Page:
Health Care and Domestic Violence
Domestic violence is a health care issue. Approximately one in four women is abused at some point in her life, and it is estimated that women make close to 700,000 visits to the health care system per year as a result of injuries due to physical assault. More than 1 in 3 women who seek emergency room care for violence-related injuries were injured by a boyfriend or spouse, and about 324,000 pregnant women are battered each year. In fact, homicide is the second leading cause of death for pregnant and recently pregnant women. Get the Facts.
In addition to abuse-related injuries, domestic violence contributes to a number of chronic health problems, including depression, alcoholism, and substance abuse and often limits the ability of women to manage other chronic illnesses such as diabetes and hypertension. Violence is also linked to a wide array of reproductive health issues, including STD and HIV transmission, miscarriages, and risky sexual behavior. Despite these facts, a critical gap remains in the delivery of health care to battered women, with many providers discharging women without addressing the underlying cause of their injuries.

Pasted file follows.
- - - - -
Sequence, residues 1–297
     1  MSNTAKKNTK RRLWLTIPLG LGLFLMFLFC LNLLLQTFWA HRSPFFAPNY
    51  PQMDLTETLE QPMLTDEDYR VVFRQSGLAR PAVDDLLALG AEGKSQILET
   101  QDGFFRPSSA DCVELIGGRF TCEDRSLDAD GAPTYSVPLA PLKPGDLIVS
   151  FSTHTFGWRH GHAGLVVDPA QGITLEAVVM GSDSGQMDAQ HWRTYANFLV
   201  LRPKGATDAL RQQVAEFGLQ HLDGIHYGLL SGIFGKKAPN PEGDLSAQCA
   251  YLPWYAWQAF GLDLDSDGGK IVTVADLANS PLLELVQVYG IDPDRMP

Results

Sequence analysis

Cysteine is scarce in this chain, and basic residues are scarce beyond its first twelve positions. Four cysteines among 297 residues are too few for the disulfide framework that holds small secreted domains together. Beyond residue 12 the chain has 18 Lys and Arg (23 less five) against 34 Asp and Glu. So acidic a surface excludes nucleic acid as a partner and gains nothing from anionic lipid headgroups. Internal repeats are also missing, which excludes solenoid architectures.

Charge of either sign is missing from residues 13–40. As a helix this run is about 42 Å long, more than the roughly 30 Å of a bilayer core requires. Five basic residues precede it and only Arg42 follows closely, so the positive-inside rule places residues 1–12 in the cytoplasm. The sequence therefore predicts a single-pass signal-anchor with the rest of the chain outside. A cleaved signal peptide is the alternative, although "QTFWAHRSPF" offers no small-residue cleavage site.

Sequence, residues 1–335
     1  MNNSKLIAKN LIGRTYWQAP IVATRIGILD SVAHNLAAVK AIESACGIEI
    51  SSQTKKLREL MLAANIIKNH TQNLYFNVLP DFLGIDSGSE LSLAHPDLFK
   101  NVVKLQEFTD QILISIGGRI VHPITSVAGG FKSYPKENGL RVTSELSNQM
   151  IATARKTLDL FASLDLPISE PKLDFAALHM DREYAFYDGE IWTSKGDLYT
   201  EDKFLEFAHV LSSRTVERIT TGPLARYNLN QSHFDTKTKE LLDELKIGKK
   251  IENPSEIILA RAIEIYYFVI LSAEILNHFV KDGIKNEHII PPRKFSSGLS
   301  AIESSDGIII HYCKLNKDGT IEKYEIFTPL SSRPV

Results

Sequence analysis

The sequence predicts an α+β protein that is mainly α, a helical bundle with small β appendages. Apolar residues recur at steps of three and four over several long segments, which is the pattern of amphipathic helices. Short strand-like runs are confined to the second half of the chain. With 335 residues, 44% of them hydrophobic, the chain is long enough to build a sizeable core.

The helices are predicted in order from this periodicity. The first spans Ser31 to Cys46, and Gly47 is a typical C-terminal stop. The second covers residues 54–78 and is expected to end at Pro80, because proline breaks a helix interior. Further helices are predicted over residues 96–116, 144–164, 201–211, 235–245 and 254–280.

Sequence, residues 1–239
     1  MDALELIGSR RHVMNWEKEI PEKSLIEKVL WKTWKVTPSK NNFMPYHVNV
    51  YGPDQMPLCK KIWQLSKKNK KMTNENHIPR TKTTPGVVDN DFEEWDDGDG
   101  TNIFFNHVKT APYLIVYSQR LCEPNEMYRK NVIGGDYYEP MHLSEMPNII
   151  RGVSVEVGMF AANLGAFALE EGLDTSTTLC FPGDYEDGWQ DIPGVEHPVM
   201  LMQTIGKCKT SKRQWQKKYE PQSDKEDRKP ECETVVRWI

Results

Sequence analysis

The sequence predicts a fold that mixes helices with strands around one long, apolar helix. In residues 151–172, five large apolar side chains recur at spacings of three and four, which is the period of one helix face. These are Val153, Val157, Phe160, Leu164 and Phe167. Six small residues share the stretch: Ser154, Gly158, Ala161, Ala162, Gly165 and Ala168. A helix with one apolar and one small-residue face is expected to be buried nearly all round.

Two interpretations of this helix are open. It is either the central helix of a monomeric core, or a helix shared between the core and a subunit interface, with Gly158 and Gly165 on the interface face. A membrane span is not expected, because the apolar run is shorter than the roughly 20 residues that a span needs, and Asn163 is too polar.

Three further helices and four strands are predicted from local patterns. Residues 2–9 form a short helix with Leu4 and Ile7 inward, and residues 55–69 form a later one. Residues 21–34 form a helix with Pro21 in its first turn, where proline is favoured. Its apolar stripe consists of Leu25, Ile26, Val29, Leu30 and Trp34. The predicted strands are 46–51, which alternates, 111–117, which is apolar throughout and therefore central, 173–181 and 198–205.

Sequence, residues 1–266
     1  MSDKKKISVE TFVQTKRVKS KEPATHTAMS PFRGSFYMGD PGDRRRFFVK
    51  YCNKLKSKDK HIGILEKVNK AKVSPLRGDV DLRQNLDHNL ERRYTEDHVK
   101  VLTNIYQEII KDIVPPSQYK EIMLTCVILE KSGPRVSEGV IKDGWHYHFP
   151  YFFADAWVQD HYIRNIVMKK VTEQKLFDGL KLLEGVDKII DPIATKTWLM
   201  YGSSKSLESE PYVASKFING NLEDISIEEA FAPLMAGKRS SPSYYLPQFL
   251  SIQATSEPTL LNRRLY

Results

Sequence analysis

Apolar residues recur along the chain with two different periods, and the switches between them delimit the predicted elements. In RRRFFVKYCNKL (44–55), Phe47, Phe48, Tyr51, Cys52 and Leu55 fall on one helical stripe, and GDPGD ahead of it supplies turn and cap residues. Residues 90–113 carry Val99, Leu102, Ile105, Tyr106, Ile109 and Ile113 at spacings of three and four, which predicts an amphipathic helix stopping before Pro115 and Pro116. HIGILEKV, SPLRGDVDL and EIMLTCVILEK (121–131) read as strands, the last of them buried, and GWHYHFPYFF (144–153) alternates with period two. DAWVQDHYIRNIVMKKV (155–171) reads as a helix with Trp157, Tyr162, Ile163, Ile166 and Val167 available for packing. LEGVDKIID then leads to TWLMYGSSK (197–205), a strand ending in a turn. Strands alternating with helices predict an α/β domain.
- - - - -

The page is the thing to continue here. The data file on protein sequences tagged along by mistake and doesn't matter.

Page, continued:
Health care providers are in a unique position to help victims of abuse, if they know how to detect domestic violence and provide victims with referrals and support. The Violence Against Women Act of 2005 included funding for programs to help health care providers identify victims of violence and refer them to the appropriate services.
Follow the links for more information on domestic violence and health care: